We learned recently that representatives at the Ductile Iron Pipe Research Association (DIPRA) have been contacting municipalities requesting rare pictures of broken PVC pipe.

Of course, it’s certainly possible DIPRA might be looking for these images to study why PVC pipe breaks are so uncommon. DIPRA is fully aware of the facts that prove PVC pipe’s unmatched durability in the installed environment, including extreme weather conditions. So it’s within the realm of possibility that DIPRA might be searching for these pictures to determine ways ductile iron pipe might emulate its performance in this regard. 

But our guess is that DIPRA will likely use them to do what it does best – distort the facts and continue to deceive the public about our material.

Here’s what DIPRA won’t tell you, if its representatives are able to find the pictures they’re desperately seeking, to further mislead the public about PVC pipe:

  • PVC pipe breaks are incredibly rare. DIPRA predictably won’t disclose that in the unusual instance when such breaks occur, it often has nothing to do with the integrity of the pipe itself. Improper installation is the leading cause. DIPRA doesn’t want you to know this, of course, because they want to mislead you to think the material is somehow inherently flawed. So we’ll make sure you have the facts. 
  • PVC pipe has twice the projected lifespan of ductile iron pipe. It is a non-corrosive material, unlike iron pipe, and PVC pipe has the lowest water main break rate of all pipe materials in North America.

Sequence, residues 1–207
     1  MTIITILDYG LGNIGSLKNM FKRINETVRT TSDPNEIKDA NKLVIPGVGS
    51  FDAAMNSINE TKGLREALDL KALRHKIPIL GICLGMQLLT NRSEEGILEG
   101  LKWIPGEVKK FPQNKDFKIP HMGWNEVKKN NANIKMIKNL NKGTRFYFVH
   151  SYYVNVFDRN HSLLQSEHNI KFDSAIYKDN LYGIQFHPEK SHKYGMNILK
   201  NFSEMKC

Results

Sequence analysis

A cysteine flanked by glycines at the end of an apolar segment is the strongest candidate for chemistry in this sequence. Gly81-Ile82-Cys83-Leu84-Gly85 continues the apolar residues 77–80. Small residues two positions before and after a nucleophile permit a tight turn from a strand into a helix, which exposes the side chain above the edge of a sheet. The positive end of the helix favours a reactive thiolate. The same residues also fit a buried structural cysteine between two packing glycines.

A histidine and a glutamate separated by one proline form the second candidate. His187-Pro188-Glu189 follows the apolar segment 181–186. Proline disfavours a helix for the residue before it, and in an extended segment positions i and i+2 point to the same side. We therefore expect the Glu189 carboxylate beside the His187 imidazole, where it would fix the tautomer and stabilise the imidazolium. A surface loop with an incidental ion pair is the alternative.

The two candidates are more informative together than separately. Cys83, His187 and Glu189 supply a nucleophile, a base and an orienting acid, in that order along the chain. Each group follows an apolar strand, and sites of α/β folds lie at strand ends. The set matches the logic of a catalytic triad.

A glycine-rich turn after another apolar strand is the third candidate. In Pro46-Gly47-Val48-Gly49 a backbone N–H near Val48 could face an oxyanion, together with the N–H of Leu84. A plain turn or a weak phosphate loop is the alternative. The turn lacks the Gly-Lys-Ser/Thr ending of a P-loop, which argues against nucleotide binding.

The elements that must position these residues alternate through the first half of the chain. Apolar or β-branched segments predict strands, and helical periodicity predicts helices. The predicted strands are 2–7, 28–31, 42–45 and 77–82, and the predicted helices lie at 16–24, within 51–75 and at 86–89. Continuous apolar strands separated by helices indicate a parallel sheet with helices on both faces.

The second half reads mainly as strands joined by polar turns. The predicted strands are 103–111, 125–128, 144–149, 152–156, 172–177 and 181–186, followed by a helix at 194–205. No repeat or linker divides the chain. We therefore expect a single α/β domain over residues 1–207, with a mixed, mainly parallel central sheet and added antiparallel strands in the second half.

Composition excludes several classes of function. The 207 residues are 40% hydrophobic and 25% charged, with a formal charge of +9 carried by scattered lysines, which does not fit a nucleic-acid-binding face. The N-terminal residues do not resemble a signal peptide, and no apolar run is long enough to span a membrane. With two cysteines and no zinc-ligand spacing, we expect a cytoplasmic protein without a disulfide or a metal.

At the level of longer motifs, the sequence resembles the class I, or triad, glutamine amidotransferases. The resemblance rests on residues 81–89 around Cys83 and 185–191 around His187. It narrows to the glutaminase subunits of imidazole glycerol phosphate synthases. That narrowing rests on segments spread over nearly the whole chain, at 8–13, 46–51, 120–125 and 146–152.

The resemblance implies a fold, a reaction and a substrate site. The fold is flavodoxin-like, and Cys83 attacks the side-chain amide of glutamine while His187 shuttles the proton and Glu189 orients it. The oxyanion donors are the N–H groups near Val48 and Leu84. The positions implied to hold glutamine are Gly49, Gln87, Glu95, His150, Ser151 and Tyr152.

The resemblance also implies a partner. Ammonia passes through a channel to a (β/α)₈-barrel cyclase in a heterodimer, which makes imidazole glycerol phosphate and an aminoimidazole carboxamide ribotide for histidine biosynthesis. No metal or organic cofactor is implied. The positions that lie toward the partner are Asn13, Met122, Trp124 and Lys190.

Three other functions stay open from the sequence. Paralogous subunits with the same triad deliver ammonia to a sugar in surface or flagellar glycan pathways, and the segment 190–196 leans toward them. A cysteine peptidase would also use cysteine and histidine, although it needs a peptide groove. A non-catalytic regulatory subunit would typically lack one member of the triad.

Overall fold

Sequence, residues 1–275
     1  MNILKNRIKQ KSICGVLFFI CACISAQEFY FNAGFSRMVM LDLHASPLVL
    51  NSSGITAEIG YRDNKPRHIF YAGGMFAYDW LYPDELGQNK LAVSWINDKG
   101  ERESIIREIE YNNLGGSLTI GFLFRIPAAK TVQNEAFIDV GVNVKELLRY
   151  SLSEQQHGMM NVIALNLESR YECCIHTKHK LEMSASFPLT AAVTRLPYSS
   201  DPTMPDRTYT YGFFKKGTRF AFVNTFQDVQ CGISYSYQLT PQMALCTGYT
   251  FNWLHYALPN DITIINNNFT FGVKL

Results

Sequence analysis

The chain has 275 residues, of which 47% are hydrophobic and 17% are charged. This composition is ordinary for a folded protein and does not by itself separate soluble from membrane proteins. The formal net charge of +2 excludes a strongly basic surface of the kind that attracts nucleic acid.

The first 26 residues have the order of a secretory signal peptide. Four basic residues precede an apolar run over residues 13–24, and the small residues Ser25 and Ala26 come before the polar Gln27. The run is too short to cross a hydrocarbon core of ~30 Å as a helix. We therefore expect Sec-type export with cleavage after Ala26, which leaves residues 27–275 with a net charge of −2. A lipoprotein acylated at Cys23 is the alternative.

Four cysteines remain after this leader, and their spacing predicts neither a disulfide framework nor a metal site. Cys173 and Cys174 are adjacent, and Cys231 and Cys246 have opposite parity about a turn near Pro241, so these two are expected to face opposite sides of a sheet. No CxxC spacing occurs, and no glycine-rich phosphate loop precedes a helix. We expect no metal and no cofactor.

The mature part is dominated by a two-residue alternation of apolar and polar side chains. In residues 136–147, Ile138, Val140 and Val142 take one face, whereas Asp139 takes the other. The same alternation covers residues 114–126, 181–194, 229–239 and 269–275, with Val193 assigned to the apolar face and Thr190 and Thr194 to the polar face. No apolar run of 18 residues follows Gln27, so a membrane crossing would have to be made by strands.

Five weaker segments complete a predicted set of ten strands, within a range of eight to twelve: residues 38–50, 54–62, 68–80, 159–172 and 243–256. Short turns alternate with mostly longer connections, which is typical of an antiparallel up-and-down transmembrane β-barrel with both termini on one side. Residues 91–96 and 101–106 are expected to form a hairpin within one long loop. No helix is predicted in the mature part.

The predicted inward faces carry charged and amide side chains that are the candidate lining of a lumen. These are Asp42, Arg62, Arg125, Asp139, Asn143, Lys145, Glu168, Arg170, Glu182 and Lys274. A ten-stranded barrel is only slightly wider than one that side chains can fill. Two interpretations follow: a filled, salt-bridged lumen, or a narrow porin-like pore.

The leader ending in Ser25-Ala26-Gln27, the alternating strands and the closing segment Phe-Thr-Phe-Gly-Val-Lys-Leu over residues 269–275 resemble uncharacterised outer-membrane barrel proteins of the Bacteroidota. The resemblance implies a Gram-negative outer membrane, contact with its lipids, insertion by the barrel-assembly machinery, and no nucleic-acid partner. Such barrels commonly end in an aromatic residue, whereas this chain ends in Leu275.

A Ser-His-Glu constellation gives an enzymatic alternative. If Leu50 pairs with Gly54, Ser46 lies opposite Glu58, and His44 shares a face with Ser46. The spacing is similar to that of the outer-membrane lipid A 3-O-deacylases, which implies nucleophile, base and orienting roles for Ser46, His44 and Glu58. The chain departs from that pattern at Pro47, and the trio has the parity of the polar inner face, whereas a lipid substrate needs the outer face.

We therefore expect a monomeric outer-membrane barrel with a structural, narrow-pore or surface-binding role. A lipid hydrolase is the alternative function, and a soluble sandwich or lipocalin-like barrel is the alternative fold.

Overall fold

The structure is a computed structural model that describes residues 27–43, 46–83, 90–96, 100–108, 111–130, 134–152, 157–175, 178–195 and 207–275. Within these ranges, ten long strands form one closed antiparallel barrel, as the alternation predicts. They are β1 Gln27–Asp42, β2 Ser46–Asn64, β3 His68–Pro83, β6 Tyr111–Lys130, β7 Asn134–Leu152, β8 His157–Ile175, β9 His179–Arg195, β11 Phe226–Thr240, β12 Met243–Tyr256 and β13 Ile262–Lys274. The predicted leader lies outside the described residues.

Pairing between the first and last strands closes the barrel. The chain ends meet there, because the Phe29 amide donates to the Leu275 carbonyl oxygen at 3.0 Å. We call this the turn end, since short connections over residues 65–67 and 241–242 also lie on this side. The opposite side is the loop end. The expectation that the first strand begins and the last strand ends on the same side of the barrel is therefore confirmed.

•  PVC pipe can withstand extreme temperatures.  Remember that time last winter when you were caught in horrible traffic, and late for work, because a water main broke in your area? Wasn’t that fun? Odds are that was an iron pipe that failed. Studies show PVC pipes offer a high degree of resilience in freezing conditions and even after 25 years, meet all new pipe requirements.
  • PVC pipe has a lower carbon footprint than ductile iron pipe, too.  PVC pipe is lighter to transport, requires less heavy machinery to install – and its longer lifespan means fewer repairs or replacements, resulting in lower carbon emissions.

Now, if DIPRA really wants to have an informed debate about the durability of pipe materials today, it might care to look at iron pipe failures.  Iron pipes have some of the highest break rates in North America, according to a study by the Buried Structures Laboratory at Utah State University. Not only that, but PVC has the lowest break rate of any pipe tested.


It’s always a safe bet that DIPRA won’t convey an accurate view of PVC pipe. We don’t expect the organization will ever acknowledge that PVC pipe is indeed the stronger, more affordable, more durable, and more eco-friendly, material option today.

But what is likely to happen is that DIPRA will continue to use discredited studies to distort the facts about PVC pipe. And it will do everything it can to try and hold on to iron pipe’s failing monopoly, as it attempts to block states from being allowed to even consider PVC pipe as a replacement material – which will only drive up costs for U.S. taxpayers.

But we will be there, every step of the way, to call DIPRA out – and ensure the facts about PVC pipe prevail.